When police arrived on the scene of a Christmas party gone wrong at a Moorhead bowling alley, there was total chaos.
Multiple fights had broken out in the parking lot while panicked bystanders who fled to their cars were trying to drive out of the melee.
Lt. Tory Jacobson says that despite the fact that officers drew their weapons and ordered the suspects, many of whom were African immigrants, to the ground, the fighting continued.[jump]
A large group from Fargo had rented out the second floor of Sunset Lanes in Moorhead for a Christmas party on Saturday night, according to manager Darin Sundstrom.
"The whole night during the party was good until the very end," he says.
Then, around midnight, the party and another group began to argue. Early reports indicated that the fight broke out between a group of Sudanese immigrants and a group of Liberian immigrants. One Moorhead detective said they'd had problems with the two groups before, and that they often "try to instigate fights" at one another's events.
The clashes began in the doorway and spilled out into the parking lot. Police estimate when they arrived between 60 and 100 people were clustered in small circles around brawlers, while bystanders fled.
"People were, of course, calling out threats, that there were guns, people talking about injured people, people swinging belts with big belt buckles," says Jacobson.
Moorhad police called in the Clay County Sheriff's Department, Fargo police and the state troopers in order to gain control of the scene. They saw one man, 20-year-old Nelson Adam, hit in the head with a shovel, but he refused medical help. Another 20-year-old Mohamoud Sharif was stabbed in the buttocks, and a third man, 18-year-old Emmunel Noah, was struck with a fake gun.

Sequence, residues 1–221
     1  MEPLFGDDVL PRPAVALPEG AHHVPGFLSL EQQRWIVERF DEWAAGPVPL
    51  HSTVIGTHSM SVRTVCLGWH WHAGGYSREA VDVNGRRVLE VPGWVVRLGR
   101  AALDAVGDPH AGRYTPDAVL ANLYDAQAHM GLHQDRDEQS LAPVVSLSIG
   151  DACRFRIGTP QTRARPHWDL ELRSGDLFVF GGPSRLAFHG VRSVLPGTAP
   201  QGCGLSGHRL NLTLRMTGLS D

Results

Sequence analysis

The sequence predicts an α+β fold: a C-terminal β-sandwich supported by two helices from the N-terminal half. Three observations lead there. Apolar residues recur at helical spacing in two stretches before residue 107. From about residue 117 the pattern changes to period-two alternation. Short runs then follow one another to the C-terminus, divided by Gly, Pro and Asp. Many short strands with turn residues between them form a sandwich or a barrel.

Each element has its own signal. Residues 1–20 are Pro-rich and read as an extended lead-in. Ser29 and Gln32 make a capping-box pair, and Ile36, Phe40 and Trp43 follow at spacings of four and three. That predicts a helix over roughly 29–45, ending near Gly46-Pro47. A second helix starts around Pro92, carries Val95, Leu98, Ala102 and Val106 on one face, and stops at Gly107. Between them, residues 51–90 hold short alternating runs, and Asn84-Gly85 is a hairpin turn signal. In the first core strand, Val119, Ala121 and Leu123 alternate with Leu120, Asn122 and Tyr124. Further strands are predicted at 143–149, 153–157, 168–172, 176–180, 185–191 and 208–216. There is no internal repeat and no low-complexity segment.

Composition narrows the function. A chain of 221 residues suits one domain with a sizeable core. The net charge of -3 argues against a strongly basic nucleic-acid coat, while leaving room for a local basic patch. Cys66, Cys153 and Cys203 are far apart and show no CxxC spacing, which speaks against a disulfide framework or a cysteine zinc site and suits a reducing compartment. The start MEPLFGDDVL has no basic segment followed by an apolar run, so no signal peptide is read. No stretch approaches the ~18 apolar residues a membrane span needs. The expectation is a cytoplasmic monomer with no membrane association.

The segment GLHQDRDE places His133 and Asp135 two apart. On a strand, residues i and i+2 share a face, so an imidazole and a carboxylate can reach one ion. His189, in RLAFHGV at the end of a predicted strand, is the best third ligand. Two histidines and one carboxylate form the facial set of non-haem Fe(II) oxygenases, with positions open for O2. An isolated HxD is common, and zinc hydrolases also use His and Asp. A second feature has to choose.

A Taser, a knife and the fake firearm were left strewn in the parking lot after the fights were broken up. No one was arrested.
Police are interviewing the victims as well as a few persons of interest to get a grasp on what happened. So far, the investigation has lead to several conflicting stories and plenty of finger pointing. Jacobson says he isn't even comfortable calling this a Sudanese versus Liberian fight, though he confirms many of the people present were from either country. He does not anticipate finding out the cause of the fight soon.
"This is going to take a while," he says. "It's a very serious matter for us. This is not a regular occurrence at all."
Sudanese and Liberian immigrants from the Fargo area have clashed before, including a 2008 incident over a girl at the Fargodome.